1 ½ stars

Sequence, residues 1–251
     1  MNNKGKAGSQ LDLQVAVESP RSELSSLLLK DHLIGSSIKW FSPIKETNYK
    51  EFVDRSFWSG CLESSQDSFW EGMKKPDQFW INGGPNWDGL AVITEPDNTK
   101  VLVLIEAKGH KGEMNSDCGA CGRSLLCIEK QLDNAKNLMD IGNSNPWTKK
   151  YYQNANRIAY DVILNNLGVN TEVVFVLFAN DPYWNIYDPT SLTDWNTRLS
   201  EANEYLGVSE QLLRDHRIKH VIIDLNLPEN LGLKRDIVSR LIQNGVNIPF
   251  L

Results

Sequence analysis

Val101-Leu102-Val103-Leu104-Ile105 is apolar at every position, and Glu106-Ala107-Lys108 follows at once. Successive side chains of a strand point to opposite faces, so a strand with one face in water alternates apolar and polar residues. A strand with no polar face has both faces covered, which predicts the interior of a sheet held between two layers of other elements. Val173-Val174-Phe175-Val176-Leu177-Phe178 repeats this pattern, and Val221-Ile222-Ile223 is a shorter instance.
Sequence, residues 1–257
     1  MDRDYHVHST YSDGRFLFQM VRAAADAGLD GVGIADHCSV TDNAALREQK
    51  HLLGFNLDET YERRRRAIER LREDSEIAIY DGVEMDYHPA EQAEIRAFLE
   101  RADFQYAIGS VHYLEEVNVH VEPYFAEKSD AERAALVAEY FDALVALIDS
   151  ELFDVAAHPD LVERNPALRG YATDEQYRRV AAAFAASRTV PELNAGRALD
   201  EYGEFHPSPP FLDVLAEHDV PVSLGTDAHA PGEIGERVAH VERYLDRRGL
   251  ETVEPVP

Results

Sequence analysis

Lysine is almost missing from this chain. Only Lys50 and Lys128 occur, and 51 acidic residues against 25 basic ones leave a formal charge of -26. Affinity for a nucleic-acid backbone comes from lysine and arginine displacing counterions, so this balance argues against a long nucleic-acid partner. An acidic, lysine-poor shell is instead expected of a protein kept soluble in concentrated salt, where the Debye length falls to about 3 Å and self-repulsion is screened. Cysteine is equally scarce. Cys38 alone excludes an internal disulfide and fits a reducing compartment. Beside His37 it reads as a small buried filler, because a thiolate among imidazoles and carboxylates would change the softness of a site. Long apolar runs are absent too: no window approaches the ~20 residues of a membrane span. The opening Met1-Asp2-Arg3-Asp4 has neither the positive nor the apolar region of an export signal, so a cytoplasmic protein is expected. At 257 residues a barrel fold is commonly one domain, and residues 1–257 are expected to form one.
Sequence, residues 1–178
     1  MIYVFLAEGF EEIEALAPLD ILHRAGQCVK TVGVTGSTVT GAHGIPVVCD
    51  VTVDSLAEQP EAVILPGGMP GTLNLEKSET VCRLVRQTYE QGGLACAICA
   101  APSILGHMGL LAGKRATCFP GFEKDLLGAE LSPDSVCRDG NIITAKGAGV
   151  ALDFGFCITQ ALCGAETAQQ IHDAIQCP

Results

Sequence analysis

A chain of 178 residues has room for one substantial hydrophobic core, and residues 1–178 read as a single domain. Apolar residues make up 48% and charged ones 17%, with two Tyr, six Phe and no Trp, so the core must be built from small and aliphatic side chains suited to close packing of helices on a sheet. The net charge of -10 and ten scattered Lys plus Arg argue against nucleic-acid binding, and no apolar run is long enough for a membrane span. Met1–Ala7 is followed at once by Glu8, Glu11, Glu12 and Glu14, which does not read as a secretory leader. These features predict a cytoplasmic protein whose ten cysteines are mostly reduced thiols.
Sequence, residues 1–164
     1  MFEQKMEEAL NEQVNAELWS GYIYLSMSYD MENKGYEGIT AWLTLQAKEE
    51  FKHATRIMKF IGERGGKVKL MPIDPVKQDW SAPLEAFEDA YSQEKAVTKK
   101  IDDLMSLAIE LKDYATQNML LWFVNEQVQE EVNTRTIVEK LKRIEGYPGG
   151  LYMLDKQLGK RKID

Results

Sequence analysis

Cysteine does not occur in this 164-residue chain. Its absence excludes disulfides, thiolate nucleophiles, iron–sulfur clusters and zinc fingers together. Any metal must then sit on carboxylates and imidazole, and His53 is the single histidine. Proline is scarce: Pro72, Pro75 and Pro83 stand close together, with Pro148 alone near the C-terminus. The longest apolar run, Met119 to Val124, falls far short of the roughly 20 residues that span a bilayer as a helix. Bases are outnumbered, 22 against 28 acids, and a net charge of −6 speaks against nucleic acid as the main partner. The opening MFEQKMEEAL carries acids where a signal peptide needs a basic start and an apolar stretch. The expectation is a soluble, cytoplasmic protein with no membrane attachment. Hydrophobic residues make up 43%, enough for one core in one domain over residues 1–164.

MY FIRST WARNING WAS WHEN HE did not ask me how I was doing. I have noticed over time when I engage with a person and they do not ask any questions back, they pretty much are only interested in talking about themselves. In this case we were sitting next to each other at a lecture. We had seen each other in other classes and workshops, acknowledging each other with a nod of the head or a “hello.” Before the lecture had started I asked how his experiences were so far at the convention. He started talking about the classes he had taken, making a point to tell me what he would have done differently if he was leading it. I was just trying to make small talk and was not looking for a detailed description of his classes. As I listened to him it soon became apparent that everything he was saying was negative; he kept telling me he would have done a better job as the instructor or lecturer. Not once did he ever ask me about my time at the convention. I could not wait for our lecture to start because he talked non-stop; but even when the class started, he made a point to interject his take on what the lecturer was discussing with us. I felt like I was being held captive. THERE IS NOTHING WORSE THAN BEING stuck with someone who is sucking the air out of the room. Whether it is a business or personal function, I cannot tell you how excruciating it can be to be the sole audience member to a person’s soliloquy of their life and experiences. There was a salesman who used to always come around and all the employees would scatter whenever they saw him drive up. Whoever he made eye contact with would then be forced to listen to all his family stories, mentioning relatives as if the stuck employee knew who he was talking about. What made matters worse was the slow way he would draw out his stories, pausing at points just to see the reaction from his audience. I used to tell him I had a meeting scheduled or I was needed on a conference call, just to get away from him. And like I said earlier, he would never ask how you were doing; because it was all about him. The reason I am talking about this is due to today’s science fiction thriller. I felt like I was being forced to sit and listen to everything going on whether it made or not any sense. DESPITE BEING UNDER ALIEN RULE FOR some years, there still was a resistance to the occupation of Earth. One of the problems was the humans who were doing the extraterrestrials’ bidding. With John Goodman (Atomic Blonde, 10 Cloverfield Lane) as William Mulligan, Ashton Sanders (Moonlight, The Equalizer 2) as Gabriel Drummond, Jonathan Majors (White Boy Rick, Hostiles) as Rafe Drummond, Vera Farmiga (Up in the Air, The Conjuring franchise) as Jane Doe and Kevin Dunn (Warrior, Veep-TV) as Commissioner Eugene Igoe; this was a dark film that had bold ideas. Filmed in Chicago, the story started out intriguing. There was little information given for the backstory. I sat through most of this movie feeling perplexed and bored, besides wondering why the more seasoned actors agreed to take on such a dismal production. The CGI was nothing special which made the clunky script all the more drab. I did not find anything exciting despite the twists which I assumed were supposed to be thought provoking. If I was the type who ate in the theater I would have gone and gotten some popcorn or candy. Unless you want to be held captive yourself, I suggest you save your money on this one by avoiding it.